Ica Norway’s purchasing deal clears admin hurdle

The Norwegian government has given a preliminary green light to a deal between supermarkets Ica Norway and NorgesGruppen, pending the final verdict of Norway's Anti-Trust Authority.

Ica Norway's purchasing deal clears admin hurdle
Ica Maxi in Oslo. File photo: Ørn E. Borgen/Scanpix

Supermarket chain Ica has claimed that a deal with NorgesGruppen will secure the future survival of its stores across Norway, saving jobs in the process. 

"We are very happy and not least thankful that the ministry has given us the possibility to start a purchasing cooperation with NorgesGruppen," Ica managing director Thorbjørn Theie told the NTB news agency. 

"This is about Ica's and our staff's future, and this deal will be an important factor in turning the company around." 

Theie said he interpreted the decision from the State Administration Ministry as a positive signal, hoping the deal would get final approval in the near future. The final word, however, lies with Norway's Anti-Trust Authority (Konkurransetilsynet), which will come to its final conclusion on the purchasing deal this autumn. 

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Discover Norway: Why Norwegians love Fårikål so much

The last Thursday of September marks 'fårikålens dag', a day to celebrate Norway's beloved national dish - an autumn meal-time staple for most Norwegians. 

Discover Norway: Why Norwegians love Fårikål so much

In 1972, fårikål was first named the national dish of Norway, and despite a brief flirtation with the possibility of replacing it in 2014 has remained the top dog ever since. 

Some of the meals that fårikål beat out to remain the national dish are kjøttkaker, a type of meatballs, raspeball, a potato dumpling, and pinnekjøtt, the lamb’s ribs traditionally served at Christmas. 

The dish’s name is a compound, meaning “mutton in cabbage”. It consists of pieces of mutton or lamb on the bone, whole peppercorns, and layers of green cabbage. The name draws its roots from the Danish language originally.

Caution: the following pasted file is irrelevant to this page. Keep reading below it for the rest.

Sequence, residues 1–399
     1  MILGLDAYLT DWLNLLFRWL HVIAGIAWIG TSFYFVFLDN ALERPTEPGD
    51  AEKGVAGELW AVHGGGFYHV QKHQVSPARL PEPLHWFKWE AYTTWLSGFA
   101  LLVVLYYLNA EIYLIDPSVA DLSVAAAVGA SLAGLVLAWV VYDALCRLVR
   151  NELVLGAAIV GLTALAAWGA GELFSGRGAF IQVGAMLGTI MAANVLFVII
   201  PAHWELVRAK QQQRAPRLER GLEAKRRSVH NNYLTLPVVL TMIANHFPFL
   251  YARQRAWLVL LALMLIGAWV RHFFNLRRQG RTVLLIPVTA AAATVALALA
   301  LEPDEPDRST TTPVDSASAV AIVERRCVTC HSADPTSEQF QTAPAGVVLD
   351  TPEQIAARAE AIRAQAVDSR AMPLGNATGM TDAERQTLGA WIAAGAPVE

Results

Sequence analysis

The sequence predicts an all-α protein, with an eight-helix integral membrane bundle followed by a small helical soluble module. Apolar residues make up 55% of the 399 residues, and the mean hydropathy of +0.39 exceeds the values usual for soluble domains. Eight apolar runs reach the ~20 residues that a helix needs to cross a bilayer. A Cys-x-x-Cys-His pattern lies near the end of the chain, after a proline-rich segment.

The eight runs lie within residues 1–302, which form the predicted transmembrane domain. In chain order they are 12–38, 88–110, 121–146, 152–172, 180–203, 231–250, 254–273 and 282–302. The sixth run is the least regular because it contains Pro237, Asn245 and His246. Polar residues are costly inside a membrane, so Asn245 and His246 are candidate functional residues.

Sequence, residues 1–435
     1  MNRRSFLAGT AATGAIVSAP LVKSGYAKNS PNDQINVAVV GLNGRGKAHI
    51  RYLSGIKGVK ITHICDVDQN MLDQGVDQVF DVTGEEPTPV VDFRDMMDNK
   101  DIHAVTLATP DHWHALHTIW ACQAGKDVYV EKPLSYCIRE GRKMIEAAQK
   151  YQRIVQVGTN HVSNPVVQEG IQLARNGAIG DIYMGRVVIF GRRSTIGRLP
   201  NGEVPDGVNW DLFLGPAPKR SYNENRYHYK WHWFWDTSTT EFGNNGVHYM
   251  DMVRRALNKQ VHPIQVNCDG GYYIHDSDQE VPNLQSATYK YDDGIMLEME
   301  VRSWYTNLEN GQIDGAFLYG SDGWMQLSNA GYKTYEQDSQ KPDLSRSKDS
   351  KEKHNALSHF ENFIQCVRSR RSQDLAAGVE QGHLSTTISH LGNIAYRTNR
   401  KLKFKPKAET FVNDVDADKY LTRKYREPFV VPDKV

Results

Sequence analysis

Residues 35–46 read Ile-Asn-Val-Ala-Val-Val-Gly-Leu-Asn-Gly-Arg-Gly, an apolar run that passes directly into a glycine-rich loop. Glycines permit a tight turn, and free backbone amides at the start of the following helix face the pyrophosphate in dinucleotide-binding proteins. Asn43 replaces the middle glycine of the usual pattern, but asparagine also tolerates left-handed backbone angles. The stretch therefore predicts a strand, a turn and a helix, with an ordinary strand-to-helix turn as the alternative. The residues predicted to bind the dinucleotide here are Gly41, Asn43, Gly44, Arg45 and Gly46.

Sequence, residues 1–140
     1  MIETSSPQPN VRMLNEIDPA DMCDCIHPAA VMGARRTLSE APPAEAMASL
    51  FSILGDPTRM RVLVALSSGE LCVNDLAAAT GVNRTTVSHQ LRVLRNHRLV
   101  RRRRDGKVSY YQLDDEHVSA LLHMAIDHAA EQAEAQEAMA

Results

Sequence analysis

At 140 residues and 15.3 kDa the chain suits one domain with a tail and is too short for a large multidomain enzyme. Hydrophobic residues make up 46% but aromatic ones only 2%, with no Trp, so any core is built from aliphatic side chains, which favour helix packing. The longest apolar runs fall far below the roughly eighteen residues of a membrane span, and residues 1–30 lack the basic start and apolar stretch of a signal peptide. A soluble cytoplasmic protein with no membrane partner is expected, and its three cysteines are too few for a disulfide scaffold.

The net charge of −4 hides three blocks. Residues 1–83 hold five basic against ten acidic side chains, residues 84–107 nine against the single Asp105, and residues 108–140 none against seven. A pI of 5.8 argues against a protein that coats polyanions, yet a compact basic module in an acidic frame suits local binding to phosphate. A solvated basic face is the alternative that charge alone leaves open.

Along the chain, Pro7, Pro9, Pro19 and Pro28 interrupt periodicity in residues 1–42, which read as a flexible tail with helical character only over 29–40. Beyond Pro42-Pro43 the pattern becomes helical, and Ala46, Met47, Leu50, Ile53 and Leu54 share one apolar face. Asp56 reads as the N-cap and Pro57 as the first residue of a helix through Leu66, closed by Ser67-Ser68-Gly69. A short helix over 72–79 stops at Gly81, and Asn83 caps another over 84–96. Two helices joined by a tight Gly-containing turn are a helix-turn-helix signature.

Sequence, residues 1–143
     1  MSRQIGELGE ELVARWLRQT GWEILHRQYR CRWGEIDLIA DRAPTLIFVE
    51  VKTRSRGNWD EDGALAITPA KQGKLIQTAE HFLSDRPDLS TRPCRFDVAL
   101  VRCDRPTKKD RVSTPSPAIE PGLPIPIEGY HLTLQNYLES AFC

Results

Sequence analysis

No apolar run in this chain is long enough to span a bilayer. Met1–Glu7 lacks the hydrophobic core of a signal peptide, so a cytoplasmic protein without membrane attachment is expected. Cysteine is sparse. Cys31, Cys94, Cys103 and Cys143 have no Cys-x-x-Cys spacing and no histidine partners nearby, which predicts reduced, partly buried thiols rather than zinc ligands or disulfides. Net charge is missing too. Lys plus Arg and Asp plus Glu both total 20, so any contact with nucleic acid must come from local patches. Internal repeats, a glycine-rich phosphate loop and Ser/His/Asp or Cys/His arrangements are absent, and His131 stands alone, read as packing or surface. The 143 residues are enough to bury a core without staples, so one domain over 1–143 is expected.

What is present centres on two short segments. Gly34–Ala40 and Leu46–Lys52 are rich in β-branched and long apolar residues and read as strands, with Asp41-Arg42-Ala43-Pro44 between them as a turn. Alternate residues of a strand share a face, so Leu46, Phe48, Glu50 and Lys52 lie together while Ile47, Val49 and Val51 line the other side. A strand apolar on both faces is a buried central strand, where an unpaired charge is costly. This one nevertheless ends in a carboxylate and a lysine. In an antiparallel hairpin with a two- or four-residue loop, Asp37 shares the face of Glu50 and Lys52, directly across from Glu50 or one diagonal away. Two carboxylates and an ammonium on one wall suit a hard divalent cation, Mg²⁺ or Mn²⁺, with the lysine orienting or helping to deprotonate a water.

For many, fårikål is the quintessential autumn dish as its typically only served during this time, potatoes are in season and sheep are typically brought down from mountain farms during this time. It is normally accompanied with crispy, paper-thin flatbread and boiled potatoes.  

Many Norwegians will associate the taste, and smell, of the dish with the changing of the seasons and auburn leaves. Other classic autumn dishes are lapskaus, or “stew”, baked root vegetables, mushroom soups, and blueberry muffins. 

READ MORE: Where are Norway’s Michelin star restaurants?

Fårikål first rose to prominence in the 19th century and is believed to have originated in urban areas. One of the first original recipes was in the Fuldstænd Norsk Kogebog by Karen Dorothea. That early recipe suggested that mutton could act as a substitute for a goose. 

If you wish to make the dish yourself, there is no need to fear as it is a relatively easy meal to make. However, it will take some time to prepare it. Depending on the recipe you use, it could take anywhere between an hour or three to make. As with most stew or casserole type dishes, longer normally delivers the best results. 

Recipes for the meal are available in both English and Norwegian. Below you can see a video of the dish being prepared. 

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